Strong demand for chicken products in retail grocery contributed to a good quarter for Sanderson Farms.

LAUREL, MISS. — A confluence of positive events, including lower grain costs, tight beef supplies and the impact of the porcine epidemic diarrhea virus (PEDv), propelled the earnings for Sanderson Farms, Inc. during the third quarter of fiscal 2014.

“Sanderson Farms’ financial results for the third quarter of fiscal 2014 reflect continued favorable market conditions,” said Joe F. Sanderson Jr., chairman and chief executive officer. “Market prices for poultry products were higher than the third quarter of fiscal 2013, as the Georgia Dock whole bird price remained historically high during the quarter. The higher Georgia Dock price reflects good retail grocery store demand. While boneless breast meat prices peaked below last year’s high, they remained above $2 per lb through June and into July.”

Net income during the quarter was $76,080,000, equal to $3.30 per share on the common stock, compared with $67,919,000, or $2.95 per share, during the previous quarter.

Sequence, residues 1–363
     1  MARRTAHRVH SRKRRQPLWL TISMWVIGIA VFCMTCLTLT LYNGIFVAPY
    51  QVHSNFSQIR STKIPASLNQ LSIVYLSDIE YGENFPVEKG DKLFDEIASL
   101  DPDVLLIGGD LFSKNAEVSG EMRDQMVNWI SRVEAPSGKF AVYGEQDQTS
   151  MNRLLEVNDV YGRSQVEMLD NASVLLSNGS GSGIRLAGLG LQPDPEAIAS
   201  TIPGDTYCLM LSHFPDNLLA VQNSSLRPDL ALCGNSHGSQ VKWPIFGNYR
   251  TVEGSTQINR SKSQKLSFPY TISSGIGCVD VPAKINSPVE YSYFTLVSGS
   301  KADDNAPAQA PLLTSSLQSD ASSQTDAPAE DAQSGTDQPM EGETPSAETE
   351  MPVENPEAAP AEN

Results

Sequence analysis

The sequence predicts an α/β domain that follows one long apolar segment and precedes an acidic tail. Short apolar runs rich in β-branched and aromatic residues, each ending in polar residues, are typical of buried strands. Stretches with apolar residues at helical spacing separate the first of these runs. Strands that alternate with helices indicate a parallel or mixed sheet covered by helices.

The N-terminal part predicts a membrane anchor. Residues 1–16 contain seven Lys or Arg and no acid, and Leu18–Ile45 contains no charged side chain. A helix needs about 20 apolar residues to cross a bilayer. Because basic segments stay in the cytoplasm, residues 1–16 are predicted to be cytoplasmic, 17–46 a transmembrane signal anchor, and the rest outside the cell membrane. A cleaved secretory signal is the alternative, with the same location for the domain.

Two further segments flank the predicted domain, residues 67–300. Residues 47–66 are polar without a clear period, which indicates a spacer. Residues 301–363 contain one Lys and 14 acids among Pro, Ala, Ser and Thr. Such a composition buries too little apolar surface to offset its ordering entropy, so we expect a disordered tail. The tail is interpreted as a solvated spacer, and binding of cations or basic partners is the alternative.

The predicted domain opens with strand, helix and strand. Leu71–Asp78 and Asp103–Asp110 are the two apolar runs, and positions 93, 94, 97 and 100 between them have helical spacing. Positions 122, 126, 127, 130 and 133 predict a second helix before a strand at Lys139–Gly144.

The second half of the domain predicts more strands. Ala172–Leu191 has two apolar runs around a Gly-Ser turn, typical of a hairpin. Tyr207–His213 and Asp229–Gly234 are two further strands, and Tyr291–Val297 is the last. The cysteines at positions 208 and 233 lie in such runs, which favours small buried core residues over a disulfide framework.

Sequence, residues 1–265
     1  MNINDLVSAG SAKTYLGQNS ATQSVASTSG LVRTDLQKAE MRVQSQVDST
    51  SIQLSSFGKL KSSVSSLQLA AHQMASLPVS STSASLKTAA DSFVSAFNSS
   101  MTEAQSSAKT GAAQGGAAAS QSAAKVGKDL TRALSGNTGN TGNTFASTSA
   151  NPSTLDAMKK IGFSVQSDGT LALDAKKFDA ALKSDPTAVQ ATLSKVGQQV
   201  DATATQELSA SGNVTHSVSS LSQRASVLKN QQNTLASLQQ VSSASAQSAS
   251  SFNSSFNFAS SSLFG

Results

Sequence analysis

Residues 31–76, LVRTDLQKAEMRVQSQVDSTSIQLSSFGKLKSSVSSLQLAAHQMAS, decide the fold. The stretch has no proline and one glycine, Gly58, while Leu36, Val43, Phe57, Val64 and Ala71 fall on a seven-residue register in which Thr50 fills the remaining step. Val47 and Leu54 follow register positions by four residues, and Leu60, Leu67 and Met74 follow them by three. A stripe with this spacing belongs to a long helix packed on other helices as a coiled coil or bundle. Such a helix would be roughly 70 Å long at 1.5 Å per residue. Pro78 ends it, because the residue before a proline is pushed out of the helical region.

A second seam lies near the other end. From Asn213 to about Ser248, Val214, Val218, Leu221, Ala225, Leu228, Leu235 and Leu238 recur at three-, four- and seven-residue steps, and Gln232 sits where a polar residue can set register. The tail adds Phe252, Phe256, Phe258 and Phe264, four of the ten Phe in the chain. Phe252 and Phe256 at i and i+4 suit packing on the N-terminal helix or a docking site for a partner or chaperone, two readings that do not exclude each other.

Sales during the third quarter totaled $768,395,000, up from $738,964,000.

Looking ahead to the fourth quarter and fiscal 2015, Mr. Sanderson was optimistic about market conditions.

“While the crop is certainly not yet in the bin, and we have priced none of our fiscal 2015 needs at this time, had we priced all of our fiscal 2015 needs at yesterday’s close, our cash grain cost during fiscal 2015 would be $50 million lower than this fiscal year,” he said in a conference call with securities analysts on Aug. 27.

He added that he anticipates demand will be strong in 2015.

“We think retail will continue to be good, and what we really want is people start going out to eat a little more,” Mr. Sanderson said. “If the economy will improve another notch and labor participation rates improve and wages improve, which we hope that to start inching up a little bit, food service demand should improve a little bit. So I am optimistic about demand.”

Lampkin Butts, president and chief operating officer for Sanderson Farms, said he did not anticipate the recent ban of U.S. chicken imports by Russia to have an effect.

“The Russian market accounts for less than 7% of the industry's total export markets, and we believe the industry and our company can find alternative markets for product otherwise sold to Russian customers,” he said.